You’ve got a great research question, but how do you turn it into a quantitative investigation? Andrew Chapman from the Statistics Advisory Service in the Mathematics Resources Centre (MASH) explains how to get your thesis or project work stats-ready.

It can be daunting to know where to start when planning a quantitative investigation, especially if school mathematics is a distant (and perhaps happily fading) memory. Here are three things you can do to help dispel any anxiety and get started. 

Clarify your research questions so they involve measurements - you’re going to need numbers.

It’s a good idea to list all the nouns and adjectives mentioned in the research questions (RQs) and consider each one as a “variable” to be measured or categorised. After this, think about everyone or everything you could possibly measure to find these variables - this is your population. You’ll generalise your results to refer to this population.  

Adjectives and verbs in RQs define the relationship(s) that you want to test. Later, after collecting and getting your data ready to use, you’ll use statistical tests to see if there is evidence for or against the existence of these relationship(s). 

Take care that the measurement methods - such as survey questions, laboratory techniques etc. – are those established in the literature, because validating new methods is a major task not to be undertaken lightly. This brings us to…

Search the literature to learn how similar studies have measured and counted things.

Find out what methods have been used to analyse and present the results by reviewing the literature. The library has subject experts who thrive on helping people find similar studies. You are looking for papers which give good examples that you can adopt and adapt. Look out for the following things:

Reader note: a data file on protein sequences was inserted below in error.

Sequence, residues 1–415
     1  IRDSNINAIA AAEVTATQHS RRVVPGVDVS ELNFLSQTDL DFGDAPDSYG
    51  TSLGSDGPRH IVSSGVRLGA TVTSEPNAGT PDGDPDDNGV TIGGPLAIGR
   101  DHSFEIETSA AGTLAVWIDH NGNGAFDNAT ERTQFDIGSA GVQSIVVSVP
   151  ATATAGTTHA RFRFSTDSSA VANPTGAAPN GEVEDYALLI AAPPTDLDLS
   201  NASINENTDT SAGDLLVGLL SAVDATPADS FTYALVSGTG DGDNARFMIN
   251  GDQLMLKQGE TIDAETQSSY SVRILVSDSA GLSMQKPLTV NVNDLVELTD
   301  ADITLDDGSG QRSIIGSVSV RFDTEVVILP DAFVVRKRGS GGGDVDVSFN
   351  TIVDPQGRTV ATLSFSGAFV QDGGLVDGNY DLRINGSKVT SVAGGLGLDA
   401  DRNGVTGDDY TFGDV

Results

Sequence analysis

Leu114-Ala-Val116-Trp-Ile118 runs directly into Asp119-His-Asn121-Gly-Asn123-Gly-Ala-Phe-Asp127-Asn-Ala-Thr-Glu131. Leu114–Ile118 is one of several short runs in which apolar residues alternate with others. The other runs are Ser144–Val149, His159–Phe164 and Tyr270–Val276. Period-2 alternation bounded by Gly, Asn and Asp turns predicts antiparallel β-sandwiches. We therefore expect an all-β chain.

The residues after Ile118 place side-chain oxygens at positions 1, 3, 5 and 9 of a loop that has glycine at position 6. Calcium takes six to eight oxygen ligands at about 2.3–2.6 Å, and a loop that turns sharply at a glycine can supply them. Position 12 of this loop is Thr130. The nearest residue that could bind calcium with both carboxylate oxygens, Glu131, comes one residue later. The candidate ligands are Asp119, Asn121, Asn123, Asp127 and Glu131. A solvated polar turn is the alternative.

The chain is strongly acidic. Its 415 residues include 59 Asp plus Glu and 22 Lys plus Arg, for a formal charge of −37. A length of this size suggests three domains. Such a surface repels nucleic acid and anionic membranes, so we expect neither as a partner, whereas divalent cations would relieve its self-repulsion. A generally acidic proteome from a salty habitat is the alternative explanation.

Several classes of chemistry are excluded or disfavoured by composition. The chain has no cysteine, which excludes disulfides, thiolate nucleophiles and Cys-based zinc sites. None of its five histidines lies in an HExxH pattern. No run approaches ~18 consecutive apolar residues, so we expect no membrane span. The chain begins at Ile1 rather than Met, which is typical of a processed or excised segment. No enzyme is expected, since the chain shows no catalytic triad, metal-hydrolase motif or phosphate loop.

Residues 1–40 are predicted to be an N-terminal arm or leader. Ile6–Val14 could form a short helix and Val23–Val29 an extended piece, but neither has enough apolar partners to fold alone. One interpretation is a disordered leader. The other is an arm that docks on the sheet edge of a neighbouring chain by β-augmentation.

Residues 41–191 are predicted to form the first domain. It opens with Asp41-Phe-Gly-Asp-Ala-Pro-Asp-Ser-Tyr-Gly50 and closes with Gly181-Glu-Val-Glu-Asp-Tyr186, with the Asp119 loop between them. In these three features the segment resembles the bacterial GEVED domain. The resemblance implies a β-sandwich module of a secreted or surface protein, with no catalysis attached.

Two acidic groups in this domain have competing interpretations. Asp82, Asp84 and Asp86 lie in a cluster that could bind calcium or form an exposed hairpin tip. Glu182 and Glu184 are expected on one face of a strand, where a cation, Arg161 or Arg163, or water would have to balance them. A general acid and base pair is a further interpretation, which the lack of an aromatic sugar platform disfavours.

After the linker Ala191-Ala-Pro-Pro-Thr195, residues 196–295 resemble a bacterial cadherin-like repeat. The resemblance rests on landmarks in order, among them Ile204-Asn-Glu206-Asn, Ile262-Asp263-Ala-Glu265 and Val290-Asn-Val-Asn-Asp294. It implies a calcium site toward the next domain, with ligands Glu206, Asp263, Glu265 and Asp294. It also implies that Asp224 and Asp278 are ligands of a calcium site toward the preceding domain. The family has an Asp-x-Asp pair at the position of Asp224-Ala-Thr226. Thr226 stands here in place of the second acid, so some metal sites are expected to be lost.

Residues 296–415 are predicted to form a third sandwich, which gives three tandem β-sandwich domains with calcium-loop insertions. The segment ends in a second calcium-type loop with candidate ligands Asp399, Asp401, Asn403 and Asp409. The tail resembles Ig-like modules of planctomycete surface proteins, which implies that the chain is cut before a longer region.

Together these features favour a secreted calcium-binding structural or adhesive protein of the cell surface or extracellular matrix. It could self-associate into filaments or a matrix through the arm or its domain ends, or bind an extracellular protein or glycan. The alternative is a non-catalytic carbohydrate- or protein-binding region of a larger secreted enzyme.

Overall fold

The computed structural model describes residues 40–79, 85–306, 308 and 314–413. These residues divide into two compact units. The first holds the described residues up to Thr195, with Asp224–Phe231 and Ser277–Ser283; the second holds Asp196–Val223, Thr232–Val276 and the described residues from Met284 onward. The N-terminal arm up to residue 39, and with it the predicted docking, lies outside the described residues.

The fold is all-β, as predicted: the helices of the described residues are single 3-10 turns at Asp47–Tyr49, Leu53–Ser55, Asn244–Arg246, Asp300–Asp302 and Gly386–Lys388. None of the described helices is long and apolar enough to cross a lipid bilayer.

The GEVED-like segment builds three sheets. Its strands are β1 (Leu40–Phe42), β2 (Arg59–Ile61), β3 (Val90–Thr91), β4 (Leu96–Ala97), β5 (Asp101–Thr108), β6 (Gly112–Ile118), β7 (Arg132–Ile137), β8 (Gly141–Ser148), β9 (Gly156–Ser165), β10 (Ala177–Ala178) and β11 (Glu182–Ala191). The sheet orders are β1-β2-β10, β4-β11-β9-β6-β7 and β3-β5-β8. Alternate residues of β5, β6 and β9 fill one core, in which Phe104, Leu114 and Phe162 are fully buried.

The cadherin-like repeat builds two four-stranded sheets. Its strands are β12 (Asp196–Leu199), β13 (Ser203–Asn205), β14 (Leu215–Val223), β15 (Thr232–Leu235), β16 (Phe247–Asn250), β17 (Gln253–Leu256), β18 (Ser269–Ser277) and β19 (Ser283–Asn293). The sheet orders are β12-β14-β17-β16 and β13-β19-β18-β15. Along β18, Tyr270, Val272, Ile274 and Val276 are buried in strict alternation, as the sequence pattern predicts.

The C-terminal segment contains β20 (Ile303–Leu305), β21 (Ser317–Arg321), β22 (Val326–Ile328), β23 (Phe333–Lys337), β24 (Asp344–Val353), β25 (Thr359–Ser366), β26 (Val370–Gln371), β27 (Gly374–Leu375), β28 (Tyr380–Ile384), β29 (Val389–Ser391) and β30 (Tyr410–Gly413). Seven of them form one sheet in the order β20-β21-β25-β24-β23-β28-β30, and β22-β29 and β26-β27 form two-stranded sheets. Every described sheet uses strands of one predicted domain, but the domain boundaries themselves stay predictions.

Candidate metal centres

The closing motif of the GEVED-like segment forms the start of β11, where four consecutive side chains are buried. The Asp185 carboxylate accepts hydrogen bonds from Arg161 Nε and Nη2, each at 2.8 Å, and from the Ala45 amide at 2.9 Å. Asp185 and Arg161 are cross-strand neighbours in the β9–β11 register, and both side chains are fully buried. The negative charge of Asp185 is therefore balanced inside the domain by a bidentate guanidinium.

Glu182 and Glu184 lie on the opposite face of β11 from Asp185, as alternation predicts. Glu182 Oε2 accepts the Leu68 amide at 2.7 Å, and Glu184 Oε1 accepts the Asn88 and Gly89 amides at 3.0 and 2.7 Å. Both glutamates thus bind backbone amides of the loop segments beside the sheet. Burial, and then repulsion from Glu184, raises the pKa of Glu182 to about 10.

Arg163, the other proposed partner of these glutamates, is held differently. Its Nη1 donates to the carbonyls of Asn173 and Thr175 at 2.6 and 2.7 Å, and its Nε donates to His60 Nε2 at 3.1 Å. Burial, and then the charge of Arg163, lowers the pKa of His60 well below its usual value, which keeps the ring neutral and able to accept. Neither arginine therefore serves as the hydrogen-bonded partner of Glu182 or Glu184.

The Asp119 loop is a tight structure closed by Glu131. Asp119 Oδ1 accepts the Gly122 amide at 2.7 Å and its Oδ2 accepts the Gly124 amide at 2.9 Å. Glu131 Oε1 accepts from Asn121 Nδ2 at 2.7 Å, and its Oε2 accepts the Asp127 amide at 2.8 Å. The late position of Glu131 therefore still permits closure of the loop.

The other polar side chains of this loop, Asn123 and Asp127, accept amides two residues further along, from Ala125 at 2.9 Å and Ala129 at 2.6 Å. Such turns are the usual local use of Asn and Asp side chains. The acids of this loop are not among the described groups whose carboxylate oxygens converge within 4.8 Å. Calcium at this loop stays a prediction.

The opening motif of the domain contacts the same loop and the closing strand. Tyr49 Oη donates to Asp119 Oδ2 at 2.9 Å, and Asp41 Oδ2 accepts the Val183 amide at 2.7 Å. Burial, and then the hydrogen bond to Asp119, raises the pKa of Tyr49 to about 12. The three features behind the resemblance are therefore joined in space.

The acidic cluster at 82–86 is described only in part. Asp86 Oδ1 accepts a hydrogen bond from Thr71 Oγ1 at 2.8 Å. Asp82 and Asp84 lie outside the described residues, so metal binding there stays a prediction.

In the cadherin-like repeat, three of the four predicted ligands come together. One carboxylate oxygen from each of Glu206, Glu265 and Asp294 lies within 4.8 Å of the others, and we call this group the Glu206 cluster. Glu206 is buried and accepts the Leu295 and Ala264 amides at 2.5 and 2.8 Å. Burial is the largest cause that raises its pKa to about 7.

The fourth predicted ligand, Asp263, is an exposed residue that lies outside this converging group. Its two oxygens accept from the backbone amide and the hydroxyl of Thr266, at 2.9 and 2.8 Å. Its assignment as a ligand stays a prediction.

• Methods sections supply references and describe valid ways to measure the variables in our RQ. You might find, for example, a scale of 7 survey questions to measure “health anxiety”, or a technique to measure a rugby kicker’s ankle angle at impact, or a method for measuring antibiotics in waste-water etc. 
  • Introductions or results sections show helpful and illuminating ways to tabulate and plot graphs to describe your observed data.
  • The results section should use persuasive and simple ways – using tables, graphs and statistical tests - to show whether the relationships expected in the RQs are present in the data.
  • The description of statistical tests,suitable for relationships similar those in your RQs, will be found in the methods sections.   

Talk to MASH: they are happy to help.  

It’s surprising what new insights you can develop when you explain your ideas to someone new. Visit the MASH drop-in and ask any question: they especially appreciate “silly” questions. You’ll be surprised by how often these are the ones which expose something fundamental to the study and are most helpful when resolved.  Another choice is to book a 30-minute appointment with the MASH Statistical Advisory Service  - you can give questions in advance and discuss how to continue. 

You can learn more with the MASH resource called 'Planning a quantitative investigation'. It contains two short video lectures and lots of links, including: 

  • Videos giving help in formulating research questions.
  • Public databases of validated survey questions.
  • Guidance for experimental design.
  • Well-regarded and helpful online books and documents.

All things considered, there is no need to be anxious any more! Got a question about this blog? Please comment below.

Posted in: dissertations, maths and statistics, postgraduate study, research project

Learn more about planning your quantitative investigation with this guide from MASH

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